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[filmscanners] Re: Some findings/thoughts on the Sprintscan120(comments verywelcome please)

I said previously:
>A CCD scanner will not read the deepest shadows of transparency film

Well, I may have to eat my words here.  I've spent the evening testing the
LS-8000 using some of the chromes that have given me fits in the past.  One
slide in particular that I had to use the "two scans and combine in
Photoshop" trick, the LS-8000 sailed through with flying colors.  I made
three scans, all with ICE and the same curves correction: 1x multi sample, 8
bit, 3 CCD, 4x multi sample, 8 bit, 1 CCD, and 4x multi sample, 1 CCD, 14
bit.  The correction was pretty extreme, to lighten and then add
compensating shadow contrast using both curves and LCH editor (lightness
channel).  The first scan had major banding (it was a big band), so Nikon's
statements that banding increases with increasing contrast edits is
definitely true.  The second had no banding, and was good enough really, so
I wasn't expecting any improvement in the third hi-bit scan.  After all,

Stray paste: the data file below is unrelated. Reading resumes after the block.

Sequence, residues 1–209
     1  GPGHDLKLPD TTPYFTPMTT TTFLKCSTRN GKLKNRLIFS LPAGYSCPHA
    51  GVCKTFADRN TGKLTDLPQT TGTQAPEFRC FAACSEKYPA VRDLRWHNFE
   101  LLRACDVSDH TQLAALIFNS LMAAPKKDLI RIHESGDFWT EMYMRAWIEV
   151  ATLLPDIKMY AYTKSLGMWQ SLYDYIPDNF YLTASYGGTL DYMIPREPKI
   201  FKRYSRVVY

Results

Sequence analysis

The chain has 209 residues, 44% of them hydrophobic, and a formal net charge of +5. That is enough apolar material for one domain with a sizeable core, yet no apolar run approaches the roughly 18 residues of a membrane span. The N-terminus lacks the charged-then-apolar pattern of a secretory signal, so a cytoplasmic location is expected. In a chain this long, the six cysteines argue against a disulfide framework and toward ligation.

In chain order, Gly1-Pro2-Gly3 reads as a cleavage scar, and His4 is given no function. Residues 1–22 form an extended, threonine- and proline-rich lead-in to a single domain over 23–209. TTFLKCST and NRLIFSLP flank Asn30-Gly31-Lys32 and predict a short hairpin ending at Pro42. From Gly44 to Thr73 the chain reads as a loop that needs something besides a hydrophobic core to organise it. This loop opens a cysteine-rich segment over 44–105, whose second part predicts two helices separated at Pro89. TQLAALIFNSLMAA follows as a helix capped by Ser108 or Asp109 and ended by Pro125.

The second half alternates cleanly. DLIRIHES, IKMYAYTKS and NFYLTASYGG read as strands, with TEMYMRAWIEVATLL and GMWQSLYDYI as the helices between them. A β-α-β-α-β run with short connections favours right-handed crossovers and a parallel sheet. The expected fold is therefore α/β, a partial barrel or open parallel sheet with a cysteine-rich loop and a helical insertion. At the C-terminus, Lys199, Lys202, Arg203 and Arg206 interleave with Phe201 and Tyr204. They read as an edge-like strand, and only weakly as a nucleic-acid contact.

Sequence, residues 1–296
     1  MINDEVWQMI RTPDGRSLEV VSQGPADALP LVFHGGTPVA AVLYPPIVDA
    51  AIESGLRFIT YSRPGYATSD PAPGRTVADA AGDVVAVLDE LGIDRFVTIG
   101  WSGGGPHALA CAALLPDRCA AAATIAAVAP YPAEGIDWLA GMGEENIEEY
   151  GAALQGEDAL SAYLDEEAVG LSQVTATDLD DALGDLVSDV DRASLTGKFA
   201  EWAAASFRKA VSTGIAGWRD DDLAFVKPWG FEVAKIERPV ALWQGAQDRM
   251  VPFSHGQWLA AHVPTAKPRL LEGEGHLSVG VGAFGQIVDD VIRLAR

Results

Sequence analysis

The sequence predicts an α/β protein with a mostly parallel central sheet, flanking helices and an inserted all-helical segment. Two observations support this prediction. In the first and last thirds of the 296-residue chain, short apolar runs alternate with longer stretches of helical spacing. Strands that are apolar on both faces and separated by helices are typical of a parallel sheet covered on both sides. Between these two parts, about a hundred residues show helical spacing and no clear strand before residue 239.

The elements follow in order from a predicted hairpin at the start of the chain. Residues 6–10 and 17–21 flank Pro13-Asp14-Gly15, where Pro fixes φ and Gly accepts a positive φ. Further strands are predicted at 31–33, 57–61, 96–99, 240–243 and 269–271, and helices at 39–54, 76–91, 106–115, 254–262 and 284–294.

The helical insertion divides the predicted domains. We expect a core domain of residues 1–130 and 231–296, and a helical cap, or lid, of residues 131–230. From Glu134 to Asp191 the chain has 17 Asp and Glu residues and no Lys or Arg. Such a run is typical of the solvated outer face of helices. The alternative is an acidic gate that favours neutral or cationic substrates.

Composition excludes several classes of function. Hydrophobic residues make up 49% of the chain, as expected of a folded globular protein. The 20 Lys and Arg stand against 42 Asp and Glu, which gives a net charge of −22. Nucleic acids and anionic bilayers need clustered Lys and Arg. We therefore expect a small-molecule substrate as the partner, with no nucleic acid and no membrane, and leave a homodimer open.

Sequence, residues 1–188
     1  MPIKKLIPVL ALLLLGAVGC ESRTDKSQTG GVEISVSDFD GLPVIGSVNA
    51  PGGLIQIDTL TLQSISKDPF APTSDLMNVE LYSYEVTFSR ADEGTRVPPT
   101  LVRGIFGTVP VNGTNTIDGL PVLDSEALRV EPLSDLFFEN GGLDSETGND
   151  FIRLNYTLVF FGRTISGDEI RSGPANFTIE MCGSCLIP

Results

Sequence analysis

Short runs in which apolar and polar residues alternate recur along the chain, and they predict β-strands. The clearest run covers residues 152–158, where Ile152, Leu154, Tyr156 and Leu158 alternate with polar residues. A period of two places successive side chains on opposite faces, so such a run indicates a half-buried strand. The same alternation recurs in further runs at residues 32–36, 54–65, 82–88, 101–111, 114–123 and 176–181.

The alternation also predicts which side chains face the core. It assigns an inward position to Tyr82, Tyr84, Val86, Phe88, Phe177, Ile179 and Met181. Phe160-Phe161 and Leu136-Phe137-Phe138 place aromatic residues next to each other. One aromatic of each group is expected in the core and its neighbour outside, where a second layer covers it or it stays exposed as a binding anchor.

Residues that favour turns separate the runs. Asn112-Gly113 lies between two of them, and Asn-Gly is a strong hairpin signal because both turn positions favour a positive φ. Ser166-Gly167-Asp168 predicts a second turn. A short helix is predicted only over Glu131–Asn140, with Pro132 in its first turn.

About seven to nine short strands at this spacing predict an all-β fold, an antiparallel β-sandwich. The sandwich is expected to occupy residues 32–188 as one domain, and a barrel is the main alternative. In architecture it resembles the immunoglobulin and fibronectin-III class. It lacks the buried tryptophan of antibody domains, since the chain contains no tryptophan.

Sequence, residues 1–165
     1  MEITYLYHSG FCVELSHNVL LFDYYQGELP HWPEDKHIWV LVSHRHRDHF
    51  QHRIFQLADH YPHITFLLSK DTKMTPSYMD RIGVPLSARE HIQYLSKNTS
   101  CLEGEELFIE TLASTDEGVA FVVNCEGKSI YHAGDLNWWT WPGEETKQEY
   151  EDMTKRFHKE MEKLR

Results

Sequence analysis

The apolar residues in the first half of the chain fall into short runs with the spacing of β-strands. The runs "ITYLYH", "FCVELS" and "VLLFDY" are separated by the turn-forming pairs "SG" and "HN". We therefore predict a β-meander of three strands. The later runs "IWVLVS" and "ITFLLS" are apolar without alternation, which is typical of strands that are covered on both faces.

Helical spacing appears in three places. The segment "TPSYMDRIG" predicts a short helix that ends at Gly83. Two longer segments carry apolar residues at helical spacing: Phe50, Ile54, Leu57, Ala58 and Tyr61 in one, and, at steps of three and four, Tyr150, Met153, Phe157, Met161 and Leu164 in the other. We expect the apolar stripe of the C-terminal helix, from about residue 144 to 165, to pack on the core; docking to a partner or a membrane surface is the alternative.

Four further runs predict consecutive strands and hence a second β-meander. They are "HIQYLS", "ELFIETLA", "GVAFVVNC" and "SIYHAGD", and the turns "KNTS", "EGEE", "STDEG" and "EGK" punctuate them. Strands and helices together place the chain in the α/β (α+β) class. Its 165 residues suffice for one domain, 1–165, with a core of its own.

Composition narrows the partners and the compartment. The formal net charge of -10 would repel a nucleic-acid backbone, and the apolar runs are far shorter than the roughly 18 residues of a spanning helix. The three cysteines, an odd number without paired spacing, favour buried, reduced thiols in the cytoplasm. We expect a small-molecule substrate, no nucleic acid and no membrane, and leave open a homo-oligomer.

Nikonscan processes the correction in hi bit before saving to disk, right?
I was surprised to see that the hi bit scan was considerably better in the
shadows than the 8 bit scan, as shadow transitions were much smoother and
there was more detail.  In fact, on the 14 bit scan there was shadow detail
I can't see on the #$%@ light table!  This is a first in my experience.
Perhaps I could see it if I masked the chrome off (on the light table), but
I didn't bother, I was convinced already.  Scan times go way up with all the
goodies dialed in, so they'll only get use as necessary, but it's still a
hell of a lot less time than I spent hunched over in front of the monitor
scanning this image before, and this time I was on the sofa catching the
news while the scanner whirred away.  All of the scans I did need very
little or no post processing in Photoshop.  Somebody pinch me, I think I'm


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